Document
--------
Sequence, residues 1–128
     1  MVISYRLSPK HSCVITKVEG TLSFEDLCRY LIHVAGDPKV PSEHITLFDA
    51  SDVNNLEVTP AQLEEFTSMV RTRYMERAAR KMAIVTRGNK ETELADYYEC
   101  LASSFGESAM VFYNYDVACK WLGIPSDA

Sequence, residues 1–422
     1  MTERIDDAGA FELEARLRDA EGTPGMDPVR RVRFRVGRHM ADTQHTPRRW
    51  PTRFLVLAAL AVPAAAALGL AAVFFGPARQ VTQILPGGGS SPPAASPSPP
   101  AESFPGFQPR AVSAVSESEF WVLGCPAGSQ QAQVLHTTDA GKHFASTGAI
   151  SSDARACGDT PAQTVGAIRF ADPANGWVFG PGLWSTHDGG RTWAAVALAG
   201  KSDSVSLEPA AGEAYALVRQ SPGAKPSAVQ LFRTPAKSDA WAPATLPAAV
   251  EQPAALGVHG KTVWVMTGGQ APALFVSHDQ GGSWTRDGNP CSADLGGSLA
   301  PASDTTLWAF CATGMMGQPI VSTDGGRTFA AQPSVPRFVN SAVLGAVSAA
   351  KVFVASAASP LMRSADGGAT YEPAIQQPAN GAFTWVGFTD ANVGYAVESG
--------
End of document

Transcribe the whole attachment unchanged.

Sequence, residues 1–128
     1  MVISYRLSPK HSCVITKVEG TLSFEDLCRY LIHVAGDPKV PSEHITLFDA
    51  SDVNNLEVTP AQLEEFTSMV RTRYMERAAR KMAIVTRGNK ETELADYYEC
   101  LASSFGESAM VFYNYDVACK WLGIPSDA

Sequence, residues 1–422
     1  MTERIDDAGA FELEARLRDA EGTPGMDPVR RVRFRVGRHM ADTQHTPRRW
    51  PTRFLVLAAL AVPAAAALGL AAVFFGPARQ VTQILPGGGS SPPAASPSPP
   101  AESFPGFQPR AVSAVSESEF WVLGCPAGSQ QAQVLHTTDA GKHFASTGAI
   151  SSDARACGDT PAQTVGAIRF ADPANGWVFG PGLWSTHDGG RTWAAVALAG
   201  KSDSVSLEPA AGEAYALVRQ SPGAKPSAVQ LFRTPAKSDA WAPATLPAAV
   251  EQPAALGVHG KTVWVMTGGQ APALFVSHDQ GGSWTRDGNP CSADLGGSLA
   301  PASDTTLWAF CATGMMGQPI VSTDGGRTFA AQPSVPRFVN SAVLGAVSAA
   351  KVFVASAASP LMRSADGGAT YEPAIQQPAN GAFTWVGFTD ANVGYAVESG